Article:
And getting rid of all the foreign traffic in case of Switzerland means getting rid of 99% of the vote or getting rid of 99% of the internet. This means that foreign risk to your side are no longer able to connect; that is a pity but that is acceptable during the attack - if you have a local or domestic offering - and the attacker will realize that the fun is over because your site is staying up and open online and there is no longer able to bring you down and this usually stops many attacks.
The experience shows in Switzerland where people were globbed with Geo location and defense, attacks stop, within minutes or within hours very often and then you allow the foreign traffic again and everything is fine. It makes the hard cut to say, “No let us concentrate on the domestic traffic,” somebody in upper management needs to make that decision and it is not an easy decision but usually - or in my experience - this brings an end to the attack.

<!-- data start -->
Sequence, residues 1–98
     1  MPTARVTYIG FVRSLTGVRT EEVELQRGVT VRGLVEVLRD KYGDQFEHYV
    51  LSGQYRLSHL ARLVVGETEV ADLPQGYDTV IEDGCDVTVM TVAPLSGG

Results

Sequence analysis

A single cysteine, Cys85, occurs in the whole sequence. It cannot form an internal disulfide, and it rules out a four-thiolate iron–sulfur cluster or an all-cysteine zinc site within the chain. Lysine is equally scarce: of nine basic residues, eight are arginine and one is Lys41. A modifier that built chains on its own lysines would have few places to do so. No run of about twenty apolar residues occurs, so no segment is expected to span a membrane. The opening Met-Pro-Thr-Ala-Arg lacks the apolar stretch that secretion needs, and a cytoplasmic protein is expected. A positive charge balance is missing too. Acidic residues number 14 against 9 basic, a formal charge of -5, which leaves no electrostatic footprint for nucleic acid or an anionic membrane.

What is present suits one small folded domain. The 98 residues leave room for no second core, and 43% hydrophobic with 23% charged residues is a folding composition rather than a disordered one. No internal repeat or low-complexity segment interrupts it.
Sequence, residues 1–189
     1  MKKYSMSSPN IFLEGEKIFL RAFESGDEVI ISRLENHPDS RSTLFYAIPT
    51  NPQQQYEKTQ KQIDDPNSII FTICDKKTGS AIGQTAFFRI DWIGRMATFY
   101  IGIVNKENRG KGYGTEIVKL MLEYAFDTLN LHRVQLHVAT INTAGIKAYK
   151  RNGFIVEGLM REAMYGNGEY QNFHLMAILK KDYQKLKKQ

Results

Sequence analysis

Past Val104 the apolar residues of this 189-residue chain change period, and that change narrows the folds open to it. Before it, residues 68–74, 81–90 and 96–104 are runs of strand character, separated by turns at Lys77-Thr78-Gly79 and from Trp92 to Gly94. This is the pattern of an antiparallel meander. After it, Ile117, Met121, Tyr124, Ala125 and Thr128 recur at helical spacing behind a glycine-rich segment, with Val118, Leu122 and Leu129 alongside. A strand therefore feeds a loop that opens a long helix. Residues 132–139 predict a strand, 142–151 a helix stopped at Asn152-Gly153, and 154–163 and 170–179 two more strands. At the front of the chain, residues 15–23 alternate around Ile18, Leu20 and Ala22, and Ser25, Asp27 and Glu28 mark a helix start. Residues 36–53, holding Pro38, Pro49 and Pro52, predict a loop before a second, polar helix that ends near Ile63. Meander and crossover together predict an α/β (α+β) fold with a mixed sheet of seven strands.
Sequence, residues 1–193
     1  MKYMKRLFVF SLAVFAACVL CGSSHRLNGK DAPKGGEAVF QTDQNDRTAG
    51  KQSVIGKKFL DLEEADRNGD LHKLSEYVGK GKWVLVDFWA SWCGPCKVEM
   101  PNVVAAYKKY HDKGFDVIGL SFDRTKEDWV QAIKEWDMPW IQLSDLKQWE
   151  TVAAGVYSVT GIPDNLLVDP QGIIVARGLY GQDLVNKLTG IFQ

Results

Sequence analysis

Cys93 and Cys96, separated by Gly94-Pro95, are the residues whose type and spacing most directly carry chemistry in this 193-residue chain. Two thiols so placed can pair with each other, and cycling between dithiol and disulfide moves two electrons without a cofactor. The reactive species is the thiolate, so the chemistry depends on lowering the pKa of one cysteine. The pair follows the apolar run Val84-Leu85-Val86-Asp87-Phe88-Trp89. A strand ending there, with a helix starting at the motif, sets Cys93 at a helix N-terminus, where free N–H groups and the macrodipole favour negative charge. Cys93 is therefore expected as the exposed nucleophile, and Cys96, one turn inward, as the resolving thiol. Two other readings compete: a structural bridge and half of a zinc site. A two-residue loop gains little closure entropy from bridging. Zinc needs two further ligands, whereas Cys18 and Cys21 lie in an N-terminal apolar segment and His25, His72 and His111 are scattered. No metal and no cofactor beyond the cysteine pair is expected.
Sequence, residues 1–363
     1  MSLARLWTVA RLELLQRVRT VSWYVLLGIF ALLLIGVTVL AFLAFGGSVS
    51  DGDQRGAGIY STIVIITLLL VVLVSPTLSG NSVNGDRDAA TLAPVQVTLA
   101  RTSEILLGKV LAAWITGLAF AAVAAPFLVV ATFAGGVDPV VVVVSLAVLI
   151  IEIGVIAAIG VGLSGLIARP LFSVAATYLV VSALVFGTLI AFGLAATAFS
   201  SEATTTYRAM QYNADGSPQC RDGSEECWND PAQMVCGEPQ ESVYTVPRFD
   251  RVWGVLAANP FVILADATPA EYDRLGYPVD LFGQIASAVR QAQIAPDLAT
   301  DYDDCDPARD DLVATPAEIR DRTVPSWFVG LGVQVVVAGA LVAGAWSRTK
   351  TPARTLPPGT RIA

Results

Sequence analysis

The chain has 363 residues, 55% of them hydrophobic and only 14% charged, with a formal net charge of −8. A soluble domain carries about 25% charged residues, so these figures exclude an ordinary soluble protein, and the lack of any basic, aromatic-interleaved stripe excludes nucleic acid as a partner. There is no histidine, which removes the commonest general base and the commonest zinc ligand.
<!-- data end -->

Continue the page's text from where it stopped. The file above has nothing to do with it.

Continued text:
But obviously it has only work when you can concentrate on local traffic or you have built up your whole set up across the globe and you are able to separate it where you say, “Okay we are trying to keep East Asia up and we allow Southern America to drop during the attack,” stuff like that and you handle this with routing your traffic.
[0:44:17.4] AA: And essentially you use a cloud deployment where one of the brokers who essentially takes over your domain name and then that is some of the service they provide. They say, “Hey if this to now service happens we are going to spin up additional capacity in different public cloud providers all across the world and so we can essentially handle it,” or just make sure that they can’t overwhelm it.